a blog about philosophy in public affairs

Confucius’s Mistake, and Plato’s

This year I decided to put some Chinese philosophy on our curriculum, and I’ve been enjoying getting to know that tradition. But there’s something frustrating about classical Chinese political philosophy. It’s the same thing I find so irritating about Plato.

The wisest should rule. This is the core of Plato’s political philosophy. It’s an idea shared by Confucius and indeed most of the classical Chinese tradition. But I think it’s largely meaningless.

The ancient philosophical beard: who wore it better?

Plato presents rule by the wise as the answer to a question of constitutional theory. Who should rule? Ancient Greek thought gives a menu of options such as:

  • (a) the people;
  • (b) the wealthy;
  • (c) a hereditary monarch.

Plato wants to add another option:

  • (d) the wise.

But this option isn’t on the same level as the previous three. Options (a-c) imply concrete procedures: rules about drawing lots, holding elections, property qualifications, the line of succession etc. But how would one go about implementing (d)? Contemporary “epistocrats” bite this bullet and start talking about making voting rights conditional on passing political science exams. But Plato has no interest in thinking about how one would actually institutionalise rule-by-the-wise in a way that would distinguish it from other constitutions. He simply takes it for granted that his philosophy is correct and that those who know it should rule.

This shows an extraordinary lack of epistemic humility. But it’s also blind to the nature of politics, which is about making decisions in the face of disagreement. Procedures like the line of succession or rules for drawing lots are needed in order to resolve disagreement. Plato just assumes disagreement away; in the process, he assumes politics away. It’s a massive error. At best, we can read “the wise should rule” as stating an instrumental attitude to politics: the point is to make good decisions rather than (say) express good values. To my mind, this is a prime case of someone acquiring an undeserved reputation for brilliance simply because they came first; just one generation later, Aristotle is already much more sophisticated.

As you can probably tell, I am not a big fan of the founder of our discipline. So you can imagine I found it frustrating to encounter seemingly similar mistakes in classical Chinese philosophy. However, I think Confucius’s error is more forgivable. I think Plato does present himself as offering a constitutional theory. But while Confucians think the wise should rule, it’s not a comparative judgement between alternative constitutions. Instead, they take it for granted that the political system will be hierarchical. This makes sense given that historically there was never anything but monarchy in ancient China, whereas the ancient Greeks had first-hand experience of democracy and oligarchy. Confucius’s characteristic way of presenting this theme is negative rather than positive: where the ruler is not wise, The Way will not prevail in the land. The project of Confucius and his successors is not about making good men great, but about making great men good: it’s about educating those who rule rather than selecting them.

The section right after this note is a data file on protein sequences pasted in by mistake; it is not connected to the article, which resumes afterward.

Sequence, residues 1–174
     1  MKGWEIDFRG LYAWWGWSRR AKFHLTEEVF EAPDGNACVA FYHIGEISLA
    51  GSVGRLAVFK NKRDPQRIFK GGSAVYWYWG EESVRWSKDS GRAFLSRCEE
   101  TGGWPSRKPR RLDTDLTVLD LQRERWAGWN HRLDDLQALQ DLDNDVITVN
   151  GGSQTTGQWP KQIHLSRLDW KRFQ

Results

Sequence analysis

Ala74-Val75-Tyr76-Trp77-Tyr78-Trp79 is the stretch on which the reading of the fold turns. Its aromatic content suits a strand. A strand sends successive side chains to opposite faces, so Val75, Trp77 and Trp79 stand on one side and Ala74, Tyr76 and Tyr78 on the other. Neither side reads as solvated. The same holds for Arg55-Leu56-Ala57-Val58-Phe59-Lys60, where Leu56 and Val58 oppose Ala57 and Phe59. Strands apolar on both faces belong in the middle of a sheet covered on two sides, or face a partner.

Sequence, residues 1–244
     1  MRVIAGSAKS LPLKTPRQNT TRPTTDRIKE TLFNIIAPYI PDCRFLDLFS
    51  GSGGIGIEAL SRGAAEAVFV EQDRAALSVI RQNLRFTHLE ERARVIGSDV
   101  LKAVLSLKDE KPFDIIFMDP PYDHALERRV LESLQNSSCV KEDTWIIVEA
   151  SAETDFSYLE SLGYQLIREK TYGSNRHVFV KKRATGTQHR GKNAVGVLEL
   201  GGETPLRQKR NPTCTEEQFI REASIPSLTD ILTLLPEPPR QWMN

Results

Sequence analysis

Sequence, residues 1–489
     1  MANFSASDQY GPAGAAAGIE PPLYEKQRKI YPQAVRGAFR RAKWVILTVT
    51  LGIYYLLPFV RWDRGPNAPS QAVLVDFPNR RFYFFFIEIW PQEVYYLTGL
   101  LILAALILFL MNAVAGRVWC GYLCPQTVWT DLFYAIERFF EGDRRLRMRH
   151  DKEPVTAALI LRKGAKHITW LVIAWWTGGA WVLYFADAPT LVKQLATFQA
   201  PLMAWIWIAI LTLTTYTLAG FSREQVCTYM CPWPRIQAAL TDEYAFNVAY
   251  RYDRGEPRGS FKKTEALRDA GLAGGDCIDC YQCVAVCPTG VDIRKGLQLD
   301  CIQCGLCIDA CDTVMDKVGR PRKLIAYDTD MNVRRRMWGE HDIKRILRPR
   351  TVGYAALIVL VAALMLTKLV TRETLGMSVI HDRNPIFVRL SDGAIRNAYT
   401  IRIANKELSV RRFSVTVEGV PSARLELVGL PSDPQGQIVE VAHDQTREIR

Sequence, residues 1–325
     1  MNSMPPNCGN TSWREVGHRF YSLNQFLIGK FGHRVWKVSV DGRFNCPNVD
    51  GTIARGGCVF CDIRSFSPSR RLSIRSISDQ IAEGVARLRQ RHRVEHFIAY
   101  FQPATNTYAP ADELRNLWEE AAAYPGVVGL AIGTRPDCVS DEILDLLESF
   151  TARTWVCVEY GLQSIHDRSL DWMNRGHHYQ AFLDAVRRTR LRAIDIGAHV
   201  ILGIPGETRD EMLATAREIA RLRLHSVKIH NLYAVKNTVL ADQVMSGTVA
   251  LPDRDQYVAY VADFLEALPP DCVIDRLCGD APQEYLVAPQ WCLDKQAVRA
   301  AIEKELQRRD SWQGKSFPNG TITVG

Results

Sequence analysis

Consequently, just like Plato, Confucius (and I think the whole classical Chinese tradition) has no real constitutional theory. What they do have are very interesting theories of political ethics, and I’ve found the four-cornered debate between Confucians, Mohists, Daoists and Legalists about how to rule fascinating.

Sometimes people say authoritarianism is a deep part of the Chinese tradition. However, at least when it comes to the philosophers of the classical period, I have yet to find any arguments for autocracy. Not because they’re democrats; it’s just not on the agenda. And the idea of rule by the wise should not be seen as contradicting that.

I am a lecturer at Nottingham Trent University. I have worked on the justification of democracy, the relationship between democracy and the market, and the political theory of business corporations.


Listening to executive dysfunction


Visions of desirable futures for Iran after the Mahsa revolution

1 Comment

  1. Adam

    In Plato’s defence you could take his theory of the forms as an indication that he was never all that interested in the brass tacks of systems of government I imagine from his perspective a lot of that was shadow puppetry. I always liked to think of Plato’s political philosophy as the farthest point you could reach away from Machiavelli who was literally writing a guide how to win the game in city states of Italy.

    I think his dedication to ideals probably makes his work more ethereal and less effected by the ravages of time of something bound in time and place.

Leave a Reply

Your email address will not be published. Required fields are marked *

Powered by WordPress & Theme by Anders Norén